Monday, November 30, 2009


In this country where we live, where having a "braggable" life seems to be high on most people's list, and that often being tied to money and career...the quest for significance and what it leads people to do has a way of sneaking up on you and biting you in the arse before you even know what has happened.

Allowing the things of this world to allure us with the promises of security, satisfaction, sense of worth, value and significance, will surely be the very thing that keeps us from "knowing" security and living aware of our worth, value and significance. Accepting the world's substitute will set us up to always be faked out and it always sets us against one another...always...while creating justifications that make us feel okay with the violations.

At times it all can still leave me so annoyed. I hate it and what it does to people I care deeply about and yet I understand how easy it is for us to find ourselves caught up in it, even myself, and unaware that we are caught up in it.

The excerpt from Richard Rohr's book, Hope Against Darkness struck me when I read it a few years ago and has stuck with me. The peace mentioned, I feel comes from the life in the Spirit...the annoyance seems to come from not being able to remain there completely yet.

"Saint Francis stepped out into a world being recast by the emerging market economy. He lived amid a decaying old order in which his father was greedily buying up small farms of debtors, moving quickly into the new entrepreneurial class. Francis stepped into a Church that seemed to have been largely out of touch with the masses. But he trusted a deeper voice and a bigger truth. He sought one clear center and moved out from there.

The one clear centerpiece was the Incarnate Jesus. He understood everything else from that personalized reference point. Like Archimedes, Francis found his one firm spot on which to stand and from which he could move his world. He did this in at least three clear ways.

First, he walked into the prayer depths of his own tradition, as opposed to mere religious repetition of old formulas. Second, he sought direction in the mirror of creation itself, as opposed to mental and fabricated ideas or ideals. And, most radically, he looked to the underside of his society, to the "community of those who have suffered," for an understanding of how God transforms us. In other words, he found depth and breadth---and a process to keep you there.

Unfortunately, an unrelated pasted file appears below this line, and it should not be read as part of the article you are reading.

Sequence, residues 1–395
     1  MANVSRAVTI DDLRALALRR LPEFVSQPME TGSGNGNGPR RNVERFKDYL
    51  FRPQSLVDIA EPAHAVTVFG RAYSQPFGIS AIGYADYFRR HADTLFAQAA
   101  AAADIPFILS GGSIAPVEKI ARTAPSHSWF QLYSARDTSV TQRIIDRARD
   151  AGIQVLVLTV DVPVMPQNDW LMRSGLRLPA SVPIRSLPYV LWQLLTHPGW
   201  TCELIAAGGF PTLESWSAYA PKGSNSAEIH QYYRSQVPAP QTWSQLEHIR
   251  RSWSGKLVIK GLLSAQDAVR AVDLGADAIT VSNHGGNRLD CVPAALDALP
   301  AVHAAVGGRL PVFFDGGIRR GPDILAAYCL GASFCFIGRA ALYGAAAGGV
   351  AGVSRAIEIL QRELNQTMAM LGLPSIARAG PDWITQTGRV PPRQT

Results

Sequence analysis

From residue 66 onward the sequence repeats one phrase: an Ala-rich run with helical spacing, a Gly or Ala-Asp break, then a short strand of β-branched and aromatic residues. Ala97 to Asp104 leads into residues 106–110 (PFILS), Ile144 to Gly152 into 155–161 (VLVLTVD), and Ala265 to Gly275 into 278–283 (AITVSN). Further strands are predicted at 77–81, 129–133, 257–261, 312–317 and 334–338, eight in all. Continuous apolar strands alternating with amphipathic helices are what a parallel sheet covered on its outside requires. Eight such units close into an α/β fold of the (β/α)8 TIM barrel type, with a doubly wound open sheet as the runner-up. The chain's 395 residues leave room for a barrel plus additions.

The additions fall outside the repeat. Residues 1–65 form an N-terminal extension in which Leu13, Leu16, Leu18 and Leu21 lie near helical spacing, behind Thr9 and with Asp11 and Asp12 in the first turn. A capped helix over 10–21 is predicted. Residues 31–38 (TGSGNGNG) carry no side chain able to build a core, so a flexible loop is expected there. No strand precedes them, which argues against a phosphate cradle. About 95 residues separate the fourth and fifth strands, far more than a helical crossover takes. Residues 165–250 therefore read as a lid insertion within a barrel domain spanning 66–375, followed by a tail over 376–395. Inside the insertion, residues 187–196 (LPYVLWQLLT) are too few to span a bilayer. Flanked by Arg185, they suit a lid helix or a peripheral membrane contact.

The depth was an inner life where all shadow, mystery and paradox were confronted, accepted and forgiven. Here he believed God could be met in fullness and truth. The breadth was the actual world itself, a sacramental universe. It was not the ideal, the churchy or the mental, but the-right-in-front-of-you-and-everywhere----the actual as opposed to the ideal.

And, finally, he showed us the process of staying there---the daring entrance into the world of human powerlessness."


Scott said...

Hey Kent,
I love reading Richard Rohr, I just finished reading “The Naked Now “very good, it’s one of those books that I will return to often because there is so much to contemplate on. I’m curious do you practice centering prayer? I have done a little bit and after reading this book I have a greater curiosity and interest in exploring this kind of prayer.

Kent said...

No Scott, no centering prayer or contemplative prayer.

I am though learning how to quiet my mind of all the clutter that is at work attempting to keep the destructive script in place so as to keep me there.

Scott said...

How are you quieting your mind of all the clutter...?

Kent said...

abandoning the destructive script. I saw it for what it is and now refuse to listen to it. 2005 and 2006 were like my mind being ran through a meat grinder. The voices promoting the script in all it's manifestations began to just sound ridiculous and the simplicity of the gospel came flooding in.